The Circular Economy meets The Access Economy
What happens to resource efficiency, recycling and waste management in a world where disownership is becoming the new normal?
As much as it may seem that the nuts and bolts of resource and waste management is about sorting machinery, storage, bins and collection systems, it is really ultimately about people.
We know that if people are to use resources mindfully, to manage them well, and to both demand and correctly use appropriate end of life systems, then we need to design systems that they are easy and convenient to use.
There are two ‘muscles’ that can be flexed in relation to resource and waste management – the Circular Economy muscle, and the Access Economy muscle. A lot of muscle-building effort has gone into the former, and the latter is a muscle we’ve only just discovered we can build.
The Circular Economy is a concept and model which has been around for some time now, but is increasingly gaining traction – the UK’s leading waste & recycling organisation, WRAP UK have recently rebranded themselves as ‘Circular Economy and Resource Efficiency Experts’.
The Circular Economy seeks to shift activity from a linear to a circular model by making better use of materials, by keeping materials in circulation through reuse and recycling, industrial symbiosis and other efforts to divert material from landfill.
It displaces some demand for new materials, but does not address the rate at which materials enter the circle, as evidenced by total material demand continuing to grow faster than recycling rates improve.
It is vital to maintain a focus on bending the Linear Economy (‘take-make-waste’) into a Circular Economy, but it is not enough.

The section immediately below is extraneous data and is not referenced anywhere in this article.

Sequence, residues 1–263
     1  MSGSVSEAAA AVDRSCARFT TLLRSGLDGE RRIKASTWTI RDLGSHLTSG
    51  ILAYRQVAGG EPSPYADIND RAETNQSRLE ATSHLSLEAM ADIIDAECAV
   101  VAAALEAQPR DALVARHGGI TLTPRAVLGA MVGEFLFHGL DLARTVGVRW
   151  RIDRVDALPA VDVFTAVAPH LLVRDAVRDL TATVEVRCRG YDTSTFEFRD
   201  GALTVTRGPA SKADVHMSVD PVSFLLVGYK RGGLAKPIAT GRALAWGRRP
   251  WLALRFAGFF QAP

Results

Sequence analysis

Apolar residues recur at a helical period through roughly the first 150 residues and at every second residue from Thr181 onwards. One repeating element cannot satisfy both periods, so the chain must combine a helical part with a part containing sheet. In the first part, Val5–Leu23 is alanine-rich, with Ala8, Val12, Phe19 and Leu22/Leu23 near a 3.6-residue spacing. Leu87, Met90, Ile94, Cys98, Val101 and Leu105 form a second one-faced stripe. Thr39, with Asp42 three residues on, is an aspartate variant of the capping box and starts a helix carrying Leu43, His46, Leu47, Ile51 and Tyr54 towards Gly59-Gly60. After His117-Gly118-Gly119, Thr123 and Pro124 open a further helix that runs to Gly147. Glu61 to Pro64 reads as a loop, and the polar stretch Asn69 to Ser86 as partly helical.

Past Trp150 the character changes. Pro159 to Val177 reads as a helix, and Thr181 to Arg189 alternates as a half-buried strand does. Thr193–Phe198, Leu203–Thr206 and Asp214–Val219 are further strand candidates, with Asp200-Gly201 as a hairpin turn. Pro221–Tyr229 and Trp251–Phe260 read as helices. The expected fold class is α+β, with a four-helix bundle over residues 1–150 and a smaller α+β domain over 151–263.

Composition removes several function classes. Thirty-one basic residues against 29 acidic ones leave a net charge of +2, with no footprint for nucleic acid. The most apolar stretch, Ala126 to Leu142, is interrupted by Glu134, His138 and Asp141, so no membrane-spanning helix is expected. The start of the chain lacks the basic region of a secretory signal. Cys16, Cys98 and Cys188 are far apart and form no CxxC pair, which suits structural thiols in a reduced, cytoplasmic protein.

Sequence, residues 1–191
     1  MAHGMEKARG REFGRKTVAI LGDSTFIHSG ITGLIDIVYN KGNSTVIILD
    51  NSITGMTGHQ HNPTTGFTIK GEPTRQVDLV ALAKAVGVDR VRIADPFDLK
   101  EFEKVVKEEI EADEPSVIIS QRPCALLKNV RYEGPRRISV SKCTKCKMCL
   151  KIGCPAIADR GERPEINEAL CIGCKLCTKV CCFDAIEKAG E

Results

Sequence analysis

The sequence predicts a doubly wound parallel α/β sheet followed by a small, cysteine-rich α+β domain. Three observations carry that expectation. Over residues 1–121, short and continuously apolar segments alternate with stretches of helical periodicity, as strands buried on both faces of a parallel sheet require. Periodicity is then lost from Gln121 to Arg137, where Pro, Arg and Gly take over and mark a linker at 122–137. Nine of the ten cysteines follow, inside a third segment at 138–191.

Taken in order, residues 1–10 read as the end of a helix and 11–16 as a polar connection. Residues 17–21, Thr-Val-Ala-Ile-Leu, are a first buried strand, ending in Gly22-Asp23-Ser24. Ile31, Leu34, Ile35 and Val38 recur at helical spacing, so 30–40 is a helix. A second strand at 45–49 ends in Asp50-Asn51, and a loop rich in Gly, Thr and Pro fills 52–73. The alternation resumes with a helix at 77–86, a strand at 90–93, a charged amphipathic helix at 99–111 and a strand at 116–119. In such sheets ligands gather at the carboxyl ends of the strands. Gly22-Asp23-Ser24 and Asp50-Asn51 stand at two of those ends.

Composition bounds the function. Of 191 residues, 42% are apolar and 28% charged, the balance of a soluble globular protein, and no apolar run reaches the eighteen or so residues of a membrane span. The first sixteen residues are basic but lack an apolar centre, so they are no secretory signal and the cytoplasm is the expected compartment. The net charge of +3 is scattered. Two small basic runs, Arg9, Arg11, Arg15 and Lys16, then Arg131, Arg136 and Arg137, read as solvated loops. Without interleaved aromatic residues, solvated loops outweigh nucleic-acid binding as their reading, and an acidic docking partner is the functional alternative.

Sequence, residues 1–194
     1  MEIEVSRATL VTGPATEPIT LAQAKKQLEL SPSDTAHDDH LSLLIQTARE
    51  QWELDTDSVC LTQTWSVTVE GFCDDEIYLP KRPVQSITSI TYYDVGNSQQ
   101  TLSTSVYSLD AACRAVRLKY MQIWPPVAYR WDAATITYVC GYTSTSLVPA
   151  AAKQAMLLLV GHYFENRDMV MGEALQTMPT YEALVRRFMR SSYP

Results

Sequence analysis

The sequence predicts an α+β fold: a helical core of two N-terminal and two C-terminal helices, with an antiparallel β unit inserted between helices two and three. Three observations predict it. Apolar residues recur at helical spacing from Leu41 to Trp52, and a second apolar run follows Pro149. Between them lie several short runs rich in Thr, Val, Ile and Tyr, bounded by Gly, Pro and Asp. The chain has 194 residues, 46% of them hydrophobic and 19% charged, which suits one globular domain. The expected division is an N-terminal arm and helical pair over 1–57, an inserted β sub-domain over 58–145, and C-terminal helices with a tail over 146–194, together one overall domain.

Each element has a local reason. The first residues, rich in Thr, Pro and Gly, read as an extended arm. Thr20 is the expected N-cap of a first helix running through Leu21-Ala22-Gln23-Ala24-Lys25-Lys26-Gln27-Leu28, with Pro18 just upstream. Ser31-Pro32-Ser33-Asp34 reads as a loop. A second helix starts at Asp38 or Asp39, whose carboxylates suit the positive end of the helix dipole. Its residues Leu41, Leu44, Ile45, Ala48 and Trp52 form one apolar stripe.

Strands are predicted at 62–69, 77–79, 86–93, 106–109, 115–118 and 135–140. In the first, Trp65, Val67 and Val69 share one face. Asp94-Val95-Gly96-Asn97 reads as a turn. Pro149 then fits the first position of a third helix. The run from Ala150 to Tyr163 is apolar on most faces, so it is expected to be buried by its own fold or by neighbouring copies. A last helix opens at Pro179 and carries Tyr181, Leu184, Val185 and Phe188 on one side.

There is an entire, parallel area of territory yet to be explored, which I will call The Access Economy (aka Sharing Economy, Collaborative Economy) – or being able to access what we need by better using what we already have.
The Access Economy seeks to minimise the demand for materials, and is as – if not more – significant than The Circular Economy. There are also overlaps between the two eg. reuse could be considered Circular and Access.
The rapidly-gaining momentum of the collaborative (aka sharing) economy holds huge potential for addressing how we consume resources, and ways it could result in less waste.
The Access Economy is focused not on managing material at end-of-life, or of better managing ‘waste’. It is focused on designing systems that facilitate more efficient, cost effective and in many case, community-enhancing ways of enabling people to meet their needs by tapping what is already available and leveraging idle assets (be they stuff, time, space, skills).
This means looking at the design of our living systems – how we grow food and prepare it; how we clothe and transport ourselves; how we meet our daily needs. We need to look at how we can solve the pain points of people’s lives – cost of living, time poverty –in a way that also delivers on environmental objectives.
The systems for The Access Economy are different from those for The Circular Economy – and significantly they may be more appealing to people who don’t see themselves as ‘green’, or really care about recycling.
Successfully meeting sustainability challenges means we need to stop focusing on ‘reducing’ and ‘managing’ energy, emissions, water, waste and everything else (which are symptoms, outcomes of how people live) and start looking our systems through a lens of design (not just physical design) and social innovation.
Ultimately, environmental organisations and programs are not really about ‘environment’ at all – they are social innovation, because they set out to create new patterns of behaviour among human beings in order to lessen our impacts on the ecological systems which sustain all life. And social innovation is a design process.
We are now far from the traditional, familiar territory of the Circular Economy, but into an exciting new realm we have scarcely begun to explore that is fast gathering momentum around the world.
What would we be capable of if we combined the existing strength of the Circular Economy with the emerging juggernaut of the Access Economy?
This article originally appeared at Cruxcatalyst.com
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